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This week’s short story club story is “The Red Bride” by Samantha Henderson, published in Strange Horizons. This is a very short story. Not quite flash fiction, I suppose, but it’s well under two thousand words. The shorter a story is, the harder it becomes to tell a satisfying story. Henderson makes this even harder, in my opinion, by essentially telling two linked stories instead of one. The story is ostensibly about the titular Red Bride, related in casual second person by an unnamed alien narrator to a human child. The second story, embedded in the first, is about how this alien servant has become fond of its master’s child and wants to save him from a sort of slave uprising. The first is less a story than a concept and the latter is so simple it would be about four sentences long if presented unadorned.

The narrator spends a lot of time (relative to the story’s overall length, at least) talking about the differences between Var and human ways of thinking, but never seems at all different in its own thinking and, indeed, eventually endorses the idea that humans and Var have identical psychologies. If the two species are “one under the skin”, why does the story open with several paragraphs complaining about the listener’s (and readers’) human preconceptions? As far as I can tell the Red Bride is an allegory for revolutionary rage, which is interesting, but allegory is hardly an alien mode.

I spent most of the story preoccupied by what the story implies about humans in the story. The position of the servants seems mostly analogous to manor house slavery, and the narrator (who is apparently an optimist among Var when it comes to humans) takes it for granted that if humans discover they can get shiny rocks from Var corpses they will harvest them as if the Var were animals. While there’s plenty of historical examples of this sort of thing, I have a hard time believing future humans would act this way. It’s not that it couldn’t happen again…humans are gifted at rationalization…but I feel like such a regression in ethics needs to be explained. I can imagine all sorts of reasons, but none are provided.

It occurs to me that while I read this story as science fiction, it might actually be fantasy. Glancing back over the story, the only thing I can point to is the “seeded race” concept, which is a trope from the science fiction tradition. But even if these are alternate humans instead of future humans, the story comes off to me as preachy, but the message (underestimating and oppressing people who look different is bad) is so widely held by the story’s likely audience I feel like this couldn’t have been the author’s intention. One of the comments on Strange Horizons calls the story “an interesting echo…of such real-life events as the Haitian uprising and the Sepoy mutiny”. At the risk of sounding like a mainstream reviewer writing off a genre story, I don’t see what purpose the genre element serves if that’s the goal. If this same story was translated into historical fiction in one of those settings, even leaving it the same length, I feel like it would be much more effective.

It’s interesting to compare this week’s story to the first one, Peter Watts’ “The Things”. Both feature alien narrators meditating on the differences between themselves and humans and both revolve around conflict and misunderstandings between humans and aliens. I preferred the way “The Red Bride” positions its text in time and space versus the other narration’s lack of context, but otherwise I think “The Things” is a better story on all fronts. Part of this can be put down to length, but the hive narrator was both more interesting and far better realized.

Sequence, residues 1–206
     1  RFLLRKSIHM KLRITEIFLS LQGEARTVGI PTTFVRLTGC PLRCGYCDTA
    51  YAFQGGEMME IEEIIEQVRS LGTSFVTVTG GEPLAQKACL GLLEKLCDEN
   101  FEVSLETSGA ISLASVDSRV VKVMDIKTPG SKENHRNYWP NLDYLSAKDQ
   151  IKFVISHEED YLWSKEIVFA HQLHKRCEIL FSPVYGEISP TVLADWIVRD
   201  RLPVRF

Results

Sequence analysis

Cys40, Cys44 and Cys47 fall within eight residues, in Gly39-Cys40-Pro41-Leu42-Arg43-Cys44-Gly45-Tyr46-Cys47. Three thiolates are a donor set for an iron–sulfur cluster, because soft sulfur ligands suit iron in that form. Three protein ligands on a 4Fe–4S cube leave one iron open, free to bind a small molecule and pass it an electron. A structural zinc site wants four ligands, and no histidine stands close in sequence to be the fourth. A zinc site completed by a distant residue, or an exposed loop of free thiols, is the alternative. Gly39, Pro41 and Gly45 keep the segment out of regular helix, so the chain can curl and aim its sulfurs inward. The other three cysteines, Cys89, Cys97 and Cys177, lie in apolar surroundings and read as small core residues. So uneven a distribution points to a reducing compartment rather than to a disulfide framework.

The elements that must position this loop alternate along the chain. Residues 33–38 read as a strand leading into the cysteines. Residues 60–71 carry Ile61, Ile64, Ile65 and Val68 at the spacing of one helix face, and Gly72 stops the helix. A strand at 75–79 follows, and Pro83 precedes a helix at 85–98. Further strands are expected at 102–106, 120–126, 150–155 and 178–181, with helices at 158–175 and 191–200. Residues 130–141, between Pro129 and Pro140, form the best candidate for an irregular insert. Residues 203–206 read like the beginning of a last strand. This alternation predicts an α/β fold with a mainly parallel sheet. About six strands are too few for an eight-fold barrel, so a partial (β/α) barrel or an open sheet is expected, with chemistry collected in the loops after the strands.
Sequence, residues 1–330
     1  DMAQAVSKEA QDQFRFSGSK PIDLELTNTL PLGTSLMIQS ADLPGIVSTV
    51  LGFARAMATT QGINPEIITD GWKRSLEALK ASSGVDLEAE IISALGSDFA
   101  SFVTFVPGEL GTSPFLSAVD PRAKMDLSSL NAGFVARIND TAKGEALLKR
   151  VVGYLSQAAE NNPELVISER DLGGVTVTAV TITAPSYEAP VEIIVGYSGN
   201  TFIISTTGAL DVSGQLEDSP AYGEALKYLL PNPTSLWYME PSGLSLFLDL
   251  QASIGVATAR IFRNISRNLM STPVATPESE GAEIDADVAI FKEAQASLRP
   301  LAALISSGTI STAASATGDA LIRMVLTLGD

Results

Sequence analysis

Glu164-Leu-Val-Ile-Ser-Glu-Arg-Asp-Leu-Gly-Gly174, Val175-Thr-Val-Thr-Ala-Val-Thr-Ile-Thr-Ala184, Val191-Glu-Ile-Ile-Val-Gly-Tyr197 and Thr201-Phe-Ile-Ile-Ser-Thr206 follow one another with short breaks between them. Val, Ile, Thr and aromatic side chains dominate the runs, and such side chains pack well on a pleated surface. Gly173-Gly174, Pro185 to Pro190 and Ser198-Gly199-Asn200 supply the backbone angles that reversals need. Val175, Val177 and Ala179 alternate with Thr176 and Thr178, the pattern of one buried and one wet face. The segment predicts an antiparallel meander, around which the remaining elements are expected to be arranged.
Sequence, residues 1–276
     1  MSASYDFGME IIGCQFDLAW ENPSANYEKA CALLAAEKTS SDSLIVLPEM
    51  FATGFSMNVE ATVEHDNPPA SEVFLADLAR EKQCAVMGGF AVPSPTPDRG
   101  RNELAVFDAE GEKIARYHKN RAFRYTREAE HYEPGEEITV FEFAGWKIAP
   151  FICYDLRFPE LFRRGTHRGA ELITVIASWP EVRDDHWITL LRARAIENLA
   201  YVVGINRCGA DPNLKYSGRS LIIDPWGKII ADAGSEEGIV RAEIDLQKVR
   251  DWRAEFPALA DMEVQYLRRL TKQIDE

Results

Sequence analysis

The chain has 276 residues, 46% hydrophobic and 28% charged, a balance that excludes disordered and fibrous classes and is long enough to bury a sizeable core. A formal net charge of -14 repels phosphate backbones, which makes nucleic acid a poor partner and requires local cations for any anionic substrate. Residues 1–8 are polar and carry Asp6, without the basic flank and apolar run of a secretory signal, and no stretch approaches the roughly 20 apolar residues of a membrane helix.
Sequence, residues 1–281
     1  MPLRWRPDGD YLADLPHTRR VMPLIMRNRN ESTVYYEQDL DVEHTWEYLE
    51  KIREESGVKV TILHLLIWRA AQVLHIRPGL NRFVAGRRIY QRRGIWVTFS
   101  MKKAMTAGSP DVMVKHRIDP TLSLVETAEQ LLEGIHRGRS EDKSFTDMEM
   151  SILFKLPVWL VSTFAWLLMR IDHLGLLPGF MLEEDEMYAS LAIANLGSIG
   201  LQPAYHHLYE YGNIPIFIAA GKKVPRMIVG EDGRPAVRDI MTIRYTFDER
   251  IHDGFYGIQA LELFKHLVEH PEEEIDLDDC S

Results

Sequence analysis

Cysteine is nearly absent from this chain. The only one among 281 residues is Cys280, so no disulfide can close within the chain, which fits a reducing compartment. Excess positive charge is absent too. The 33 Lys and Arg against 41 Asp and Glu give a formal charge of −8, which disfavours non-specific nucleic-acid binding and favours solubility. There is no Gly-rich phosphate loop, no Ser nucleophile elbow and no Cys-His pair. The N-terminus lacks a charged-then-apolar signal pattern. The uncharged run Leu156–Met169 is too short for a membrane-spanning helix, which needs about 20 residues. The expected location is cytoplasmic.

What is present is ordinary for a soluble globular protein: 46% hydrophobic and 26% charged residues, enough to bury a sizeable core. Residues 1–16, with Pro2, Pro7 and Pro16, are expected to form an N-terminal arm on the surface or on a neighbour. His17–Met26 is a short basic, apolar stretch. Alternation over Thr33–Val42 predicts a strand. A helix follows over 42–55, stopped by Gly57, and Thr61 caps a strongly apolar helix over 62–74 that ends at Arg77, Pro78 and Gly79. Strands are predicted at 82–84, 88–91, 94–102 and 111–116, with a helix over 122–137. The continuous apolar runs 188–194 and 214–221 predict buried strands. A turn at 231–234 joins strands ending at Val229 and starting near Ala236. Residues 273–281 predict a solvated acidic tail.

“Second Journey of the Magus” by Ian R MacLeod

September 25, 2010 at 8:35 pm | Posted in Short Stories | Leave a comment
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Most speculative fiction dismisses, vilifies, or satirizes established religion, but a few stories explore its implications using the genre’s formidable set of tools. I’m not sure what this subgenre is called. Religious speculative fiction? Although as subgenres go it’s not very popular, there are some very famous stories in it, like Arthur C Clarke’s “The Star”, Mary Doria Russell’s novel The Sparrow (which I reviewed here in January), and Ted Chiang’s stories “Tower of Babylon”, “Hell is the Absence of God”, and “The Merchant and the Alchemist’s Gate”. Ted Chiang’s stories (like almost all of his stories whether religion is involved or not) are about free will, but most are about the problem of evil.

I’m sure I could be forgetting something, but I think that this week’s short story club story, “Second Journey of the Magus” from Subterranean Magazine, is the first story of this kind I’ve read that is principally about the role of faith. The magus of the title is one of the three magi (sometimes translated as kings or wise men, words the story awkwardly drops in to make sure the reader has caught the reference), returned to the Roman province of Judea thirty-four years after Jesus’ birth. This is a sort of religious alternate history, and it seems that Jesus has used his power to make himself king of the Jews and is now leading a rebellion against Rome. The point of divergence is when the Devil tempts Jesus on the roof of the temple. While the other temptations asked Jesus to use his power to escape suffering and to reign on earth, this one was about dispelling doubt. If Jesus flings himself off the temple and is caught up by angels, everyone who sees this will know beyond a shadow of a doubt he is sent by God.